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Holding India together: The role of institutions of federalism

  • Singh, Nirvikar

India is a large, heterogeneous and complex nation, with multiple languages, religions and ethnicities, and over one billion people. It stands out in having held together while sustaining a working democracy for over five decades, at relatively low levels of income. One of the main institutional aspects of managing heterogeneity to preserve national unity is the structures of Indian federalism. This paper traces some of the features of Indian federal institutions, focusing on their contribution to this ‘holding together.’ It reviews the conceptual and analytical underpinnings of the role of federal structures in sustaining unity, and summarizes historical developments and current institutional structures of the Indian case. It assesses the role of federal dimensions of political, administrative and judicial structures in the holding together function. It also examines fiscal federal institutions and their impacts, including distributional and growth issues. It also separately focuses specifically on the special treatment of what may be characterized as India’s periphery.

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Paper provided by University Library of Munich, Germany in its series MPRA Paper with number 12432.

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Date of creation: Oct 2008
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Handle: RePEc:pra:mprapa:12432
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  1. Khemani, Stuti, 2004. "Political cycles in a developing economy: effect of elections in the Indian States," Journal of Development Economics, Elsevier, vol. 73(1), pages 125-154, February.
  2. Alesina, Alberto & Spolaore, Enrico, 1997. "On the Number and Size of Nations," The Quarterly Journal of Economics, MIT Press, vol. 112(4), pages 1027-56, November.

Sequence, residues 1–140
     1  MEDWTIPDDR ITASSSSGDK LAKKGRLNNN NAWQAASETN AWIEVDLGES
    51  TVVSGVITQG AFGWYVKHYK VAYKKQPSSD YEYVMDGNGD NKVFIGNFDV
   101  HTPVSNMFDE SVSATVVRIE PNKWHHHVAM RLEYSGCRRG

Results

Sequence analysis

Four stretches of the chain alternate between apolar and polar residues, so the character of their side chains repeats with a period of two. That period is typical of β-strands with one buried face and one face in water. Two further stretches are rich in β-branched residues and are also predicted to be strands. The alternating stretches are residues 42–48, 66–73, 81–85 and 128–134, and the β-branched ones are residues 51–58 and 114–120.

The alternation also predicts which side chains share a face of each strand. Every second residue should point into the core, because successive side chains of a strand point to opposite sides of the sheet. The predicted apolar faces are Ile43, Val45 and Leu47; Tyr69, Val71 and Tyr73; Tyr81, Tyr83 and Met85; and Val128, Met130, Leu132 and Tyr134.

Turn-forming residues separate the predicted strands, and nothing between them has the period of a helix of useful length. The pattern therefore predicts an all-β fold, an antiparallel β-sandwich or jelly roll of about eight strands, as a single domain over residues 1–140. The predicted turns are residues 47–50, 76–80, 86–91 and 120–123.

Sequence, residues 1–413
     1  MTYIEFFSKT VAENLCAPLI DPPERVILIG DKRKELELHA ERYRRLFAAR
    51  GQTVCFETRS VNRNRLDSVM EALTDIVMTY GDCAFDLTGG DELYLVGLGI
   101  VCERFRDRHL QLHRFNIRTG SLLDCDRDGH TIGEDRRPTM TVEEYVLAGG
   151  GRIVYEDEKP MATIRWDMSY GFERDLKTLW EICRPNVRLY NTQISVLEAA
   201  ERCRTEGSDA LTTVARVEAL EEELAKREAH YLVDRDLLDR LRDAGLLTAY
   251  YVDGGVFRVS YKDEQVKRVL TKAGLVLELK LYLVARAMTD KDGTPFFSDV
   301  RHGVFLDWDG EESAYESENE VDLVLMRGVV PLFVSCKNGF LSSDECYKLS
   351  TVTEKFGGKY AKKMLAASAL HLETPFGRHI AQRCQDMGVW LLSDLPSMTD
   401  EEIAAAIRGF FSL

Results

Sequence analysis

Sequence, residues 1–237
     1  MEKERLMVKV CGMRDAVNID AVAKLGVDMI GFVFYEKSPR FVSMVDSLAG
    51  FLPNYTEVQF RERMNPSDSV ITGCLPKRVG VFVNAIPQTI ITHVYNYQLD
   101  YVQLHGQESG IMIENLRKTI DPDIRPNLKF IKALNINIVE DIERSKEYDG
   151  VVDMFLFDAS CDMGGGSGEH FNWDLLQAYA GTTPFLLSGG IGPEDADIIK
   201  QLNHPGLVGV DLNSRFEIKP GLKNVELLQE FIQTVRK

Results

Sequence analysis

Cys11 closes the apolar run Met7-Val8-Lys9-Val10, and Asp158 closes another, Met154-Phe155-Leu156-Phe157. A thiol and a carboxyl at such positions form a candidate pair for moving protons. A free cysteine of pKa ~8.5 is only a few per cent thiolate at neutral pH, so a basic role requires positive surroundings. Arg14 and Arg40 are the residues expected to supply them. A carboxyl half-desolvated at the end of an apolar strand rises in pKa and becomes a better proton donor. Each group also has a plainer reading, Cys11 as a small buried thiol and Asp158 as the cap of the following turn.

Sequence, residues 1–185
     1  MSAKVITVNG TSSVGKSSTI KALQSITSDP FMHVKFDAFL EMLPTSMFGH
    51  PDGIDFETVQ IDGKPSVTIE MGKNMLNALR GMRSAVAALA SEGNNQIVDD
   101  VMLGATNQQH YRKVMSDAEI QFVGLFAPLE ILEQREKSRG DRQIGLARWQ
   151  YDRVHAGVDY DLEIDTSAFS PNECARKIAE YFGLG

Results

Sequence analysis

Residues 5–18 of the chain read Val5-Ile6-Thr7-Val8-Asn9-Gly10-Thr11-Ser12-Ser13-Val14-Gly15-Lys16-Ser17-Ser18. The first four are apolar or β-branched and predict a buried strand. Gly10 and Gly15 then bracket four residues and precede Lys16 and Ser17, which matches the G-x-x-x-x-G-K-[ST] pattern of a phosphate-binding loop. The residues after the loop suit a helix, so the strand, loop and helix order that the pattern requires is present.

3. Singh, Nirvikar, 2003. "Some Economic Consequences of India's Institutions of Governance: A Conceptual Framework," Santa Cruz Center for International Economics, Working Paper Series qt94r0j02t, Center for International Economics, UC Santa Cruz.
  4. Bolton, Patrick & Roland, Gerard, 1997. "The Breakup of Nations: A Political Economy Analysis," The Quarterly Journal of Economics, MIT Press, vol. 112(4), pages 1057-90, November.
  5. Khemani, Stuti, 2001. "Decentralization and accountability : are voters more vigilant in local than in national elections ?," Policy Research Working Paper Series 2557, The World Bank.
  6. Nirvikar Singh & Laveesh Bhandari & Aoyu Chen & Aarti Khare, 2004. "Regional Inequality in India: A Fresh Look," Development and Comp Systems 0412006, EconWPA.
  7. Khemani, Stuti, 2007. "Does delegation of fiscal policy to an independent agency make a difference? Evidence from intergovernmental transfers in India," Journal of Development Economics, Elsevier, vol. 82(2), pages 464-484, March.
  8. Singh, Nirvikar, 2007. "Fiscal Federalism and Decentralization in India," MPRA Paper 1447, University Library of Munich, Germany.
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